Senate Bill 420: Improving health care requires a more thoughtful approach

Lawmakers in Carson City have a lot on their plates, and it is perfectly understandable for  health care to be at the top of their priority list when it comes to the issues that impact all  Nevadans. However, efforts to force through a misguided piece of legislation that would  fundamentally reshape the health care landscape in our state do not serve the best interests of  Nevada patients or local physicians’ efforts to provide high-quality care for our communities. 

The legislation that has health care and economic leaders so worried is Senate Bill 420, which  would create a state government-controlled health insurance system, also known as the “state  government option.” There is a growing concern that this bill is being rushed through the  legislative process without lawmakers fully understanding how it could increase costs and  reduce access for patients while undermining efforts to provide quality care. 

If passed, SB420 would force providers who currently accept Medicaid to also accept this  government-run option. This would drastically reduce payments to physicians and hospitals  when we should be focusing on ways to strengthen the health care community, especially given  the economic impact that the ongoing pandemic has had on hospitals here in Nevada and  nationwide. The likely unintended consequence of this proposal would be for many Nevada  physicians to drop out of the Medicaid program, or to possibly leave the state altogether,  leaving more Nevadans with less access to health care 

Health care is a serious and complicated issue. It is not something that should be taken lightly  or rushed through the legislative process in the eleventh hour without proper consideration.  Yet, the stakeholders that should be involved in this discussion—from patients and families to  physicians and nurses to local hospitals, ERs, and other health care providers—have been  largely shut out. 

Now, with lawmakers having amended the bill so that its proposed state government option  would not even begin operating until 2026, there is truly no reason for the Legislature  to rush passing this overly complex, costly proposal with just a few weeks left on the legislative  calendar. Instead, lawmakers should pause their work and invite a larger debate and discussion  about the ways in which we could improve health care access and lower costs without  threatening the foundation of our entire health care landscape. 

The need to slow down and get this right is further underscored by recent developments at the  state and federal levels that are helping drastically expand access to care for Nevadans. The  coronavirus relief legislation passed in March, the American Rescue Plan Act (ARPA), represents  the “biggest expansion of federal help for health Insurance” since the Affordable Care Act became law more than a decade ago.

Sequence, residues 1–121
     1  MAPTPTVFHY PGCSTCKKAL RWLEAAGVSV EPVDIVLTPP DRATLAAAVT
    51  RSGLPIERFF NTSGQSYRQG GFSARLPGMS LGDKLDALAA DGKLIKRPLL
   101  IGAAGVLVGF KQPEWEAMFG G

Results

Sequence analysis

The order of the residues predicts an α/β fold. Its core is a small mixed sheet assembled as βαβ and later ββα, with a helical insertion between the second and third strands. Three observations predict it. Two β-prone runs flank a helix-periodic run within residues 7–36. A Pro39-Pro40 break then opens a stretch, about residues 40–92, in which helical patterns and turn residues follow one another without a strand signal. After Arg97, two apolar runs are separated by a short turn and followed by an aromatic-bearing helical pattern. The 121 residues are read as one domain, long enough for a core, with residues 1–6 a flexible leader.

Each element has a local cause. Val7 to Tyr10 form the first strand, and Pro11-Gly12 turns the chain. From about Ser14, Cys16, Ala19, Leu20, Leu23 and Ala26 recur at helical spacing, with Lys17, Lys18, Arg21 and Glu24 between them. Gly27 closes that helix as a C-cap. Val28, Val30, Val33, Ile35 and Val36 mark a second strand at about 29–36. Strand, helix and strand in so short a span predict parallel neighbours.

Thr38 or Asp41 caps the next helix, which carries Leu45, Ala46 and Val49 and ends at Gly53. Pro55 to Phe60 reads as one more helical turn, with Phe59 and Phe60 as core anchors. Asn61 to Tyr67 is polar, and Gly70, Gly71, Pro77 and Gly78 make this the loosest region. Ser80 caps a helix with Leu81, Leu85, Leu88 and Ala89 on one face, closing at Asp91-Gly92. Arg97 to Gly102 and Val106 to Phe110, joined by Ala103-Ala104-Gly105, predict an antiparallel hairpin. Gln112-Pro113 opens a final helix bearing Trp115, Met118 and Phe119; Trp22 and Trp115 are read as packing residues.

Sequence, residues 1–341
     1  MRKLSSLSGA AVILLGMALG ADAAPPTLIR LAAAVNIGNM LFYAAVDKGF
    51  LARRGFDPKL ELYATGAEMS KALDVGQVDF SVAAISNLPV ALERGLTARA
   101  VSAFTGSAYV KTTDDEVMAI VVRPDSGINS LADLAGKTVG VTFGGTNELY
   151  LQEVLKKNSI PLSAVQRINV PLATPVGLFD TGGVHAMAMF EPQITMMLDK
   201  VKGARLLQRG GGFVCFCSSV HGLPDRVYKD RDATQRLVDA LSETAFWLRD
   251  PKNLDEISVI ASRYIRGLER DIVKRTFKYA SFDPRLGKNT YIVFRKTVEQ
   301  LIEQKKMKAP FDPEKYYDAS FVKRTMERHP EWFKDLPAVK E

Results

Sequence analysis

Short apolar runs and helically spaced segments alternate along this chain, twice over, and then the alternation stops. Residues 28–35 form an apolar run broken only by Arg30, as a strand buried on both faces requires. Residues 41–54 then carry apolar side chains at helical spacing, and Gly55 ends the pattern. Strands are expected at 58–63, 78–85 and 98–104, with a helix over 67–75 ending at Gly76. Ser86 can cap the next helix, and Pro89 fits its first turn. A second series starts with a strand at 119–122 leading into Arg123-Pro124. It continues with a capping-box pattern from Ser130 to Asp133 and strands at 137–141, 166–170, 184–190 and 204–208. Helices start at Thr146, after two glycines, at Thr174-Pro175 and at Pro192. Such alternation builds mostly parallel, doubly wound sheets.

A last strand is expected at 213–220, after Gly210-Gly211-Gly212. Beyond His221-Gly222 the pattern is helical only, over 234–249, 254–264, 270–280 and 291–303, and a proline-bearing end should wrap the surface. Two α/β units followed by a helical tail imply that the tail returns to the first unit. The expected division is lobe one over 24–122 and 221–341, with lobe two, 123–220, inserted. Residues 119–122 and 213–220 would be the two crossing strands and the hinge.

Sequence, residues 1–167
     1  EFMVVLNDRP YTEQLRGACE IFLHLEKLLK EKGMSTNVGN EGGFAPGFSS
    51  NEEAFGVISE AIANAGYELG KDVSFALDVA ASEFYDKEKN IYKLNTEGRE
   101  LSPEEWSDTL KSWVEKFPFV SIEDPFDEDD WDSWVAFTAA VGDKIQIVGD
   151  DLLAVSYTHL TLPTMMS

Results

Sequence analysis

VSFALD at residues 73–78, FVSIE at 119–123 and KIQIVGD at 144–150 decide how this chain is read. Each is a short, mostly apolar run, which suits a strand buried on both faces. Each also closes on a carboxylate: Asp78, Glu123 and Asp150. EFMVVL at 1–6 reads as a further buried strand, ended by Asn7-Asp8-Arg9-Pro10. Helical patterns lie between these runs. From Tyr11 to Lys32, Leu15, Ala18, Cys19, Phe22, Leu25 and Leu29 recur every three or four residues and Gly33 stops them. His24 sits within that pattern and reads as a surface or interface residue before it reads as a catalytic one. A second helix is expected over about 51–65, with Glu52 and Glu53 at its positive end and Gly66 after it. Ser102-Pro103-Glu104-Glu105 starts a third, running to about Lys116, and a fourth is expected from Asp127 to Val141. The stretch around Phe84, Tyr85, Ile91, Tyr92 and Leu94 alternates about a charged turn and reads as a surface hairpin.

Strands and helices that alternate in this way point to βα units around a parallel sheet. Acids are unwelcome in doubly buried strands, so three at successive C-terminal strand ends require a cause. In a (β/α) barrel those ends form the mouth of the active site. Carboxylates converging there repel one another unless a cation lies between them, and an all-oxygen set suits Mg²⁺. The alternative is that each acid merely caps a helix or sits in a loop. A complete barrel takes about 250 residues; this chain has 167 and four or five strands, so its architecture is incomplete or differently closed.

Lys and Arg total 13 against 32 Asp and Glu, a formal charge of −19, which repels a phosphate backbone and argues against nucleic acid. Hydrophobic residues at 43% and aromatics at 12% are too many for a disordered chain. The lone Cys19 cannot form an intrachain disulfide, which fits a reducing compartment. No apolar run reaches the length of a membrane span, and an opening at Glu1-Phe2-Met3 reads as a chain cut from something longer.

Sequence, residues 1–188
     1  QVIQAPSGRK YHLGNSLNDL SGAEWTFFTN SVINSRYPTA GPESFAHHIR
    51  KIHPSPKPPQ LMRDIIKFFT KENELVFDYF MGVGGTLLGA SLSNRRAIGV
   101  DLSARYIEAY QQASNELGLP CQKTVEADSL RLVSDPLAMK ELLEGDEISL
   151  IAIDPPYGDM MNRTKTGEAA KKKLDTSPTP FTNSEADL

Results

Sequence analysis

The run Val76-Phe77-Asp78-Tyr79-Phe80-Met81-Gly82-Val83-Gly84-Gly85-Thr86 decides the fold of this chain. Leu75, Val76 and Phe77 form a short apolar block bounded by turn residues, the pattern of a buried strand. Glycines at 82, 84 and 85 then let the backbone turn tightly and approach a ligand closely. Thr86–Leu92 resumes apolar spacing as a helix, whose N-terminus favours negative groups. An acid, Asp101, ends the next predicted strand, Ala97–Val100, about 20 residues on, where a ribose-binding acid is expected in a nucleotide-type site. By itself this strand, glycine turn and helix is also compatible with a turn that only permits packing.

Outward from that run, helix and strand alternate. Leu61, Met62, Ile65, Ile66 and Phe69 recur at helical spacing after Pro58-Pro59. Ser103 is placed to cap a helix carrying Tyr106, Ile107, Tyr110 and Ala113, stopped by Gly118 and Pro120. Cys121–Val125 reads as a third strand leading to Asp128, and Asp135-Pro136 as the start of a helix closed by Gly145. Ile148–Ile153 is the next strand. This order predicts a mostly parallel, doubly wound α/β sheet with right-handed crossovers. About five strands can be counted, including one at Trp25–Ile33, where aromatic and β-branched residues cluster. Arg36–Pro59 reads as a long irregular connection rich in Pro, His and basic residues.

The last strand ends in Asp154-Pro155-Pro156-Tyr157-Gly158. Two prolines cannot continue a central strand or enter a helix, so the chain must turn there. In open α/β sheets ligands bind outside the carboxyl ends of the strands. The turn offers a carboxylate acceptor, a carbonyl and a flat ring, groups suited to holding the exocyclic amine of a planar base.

In states across the country, including right here in Nevada, ARPA is being used to increase  health care subsidies in order to make coverage more accessible and affordable for Nevada 

patients and families. For that reason, the Brookings Institution is cautioning state legislatures against making “lasting changes” to their states’ health care policy until the full impact of ARPA  is clear. Legislators in Carson City should take note. 

Imposing a state government option could worsen an already notable shortage of physicians  and other health care workers in our state, countering any claims that this legislation is about  expanding access to care. By slashing payments to doctors and hospitals, the state government  option could threaten at-risk facilities, particularly in our rural, hard to reach communities. If  these facilities and providers are forced out of business or out of state as a result of the state  government option, then that will leave entire communities more vulnerable with fewer  resources to manage their health care needs. 

There is simply too much at stake for our elected officials to be rushing through such a  potentially harmful piece of legislation without fully understanding its impact on access,  affordability, and quality. Rather than scrambling to pass SB420 in the last few weeks of this  legislative session, lawmakers should focus on strengthening programs that are currently  working well and helping deliver high-quality care for Nevadans. 

Ultimately, it is only by working together that we can best ensure all Nevadans have access to  the comprehensive care and services they need to live fuller, happier, and healthier lives. 

We believe this would be the best option for Nevada at this time.  

Keith Brill, MD, Jocelyn Quebral Ivie, MD, Samantha Schoenhaus, DO, Marisa Shiode, MD, and Amit Garg, MD, are Board Certified Obstetrician-Gynecologist physicians, working at Women's Health Associates of Southern Nevada. All are members of Nevada State Medical Association and Dr. Brill serves as President.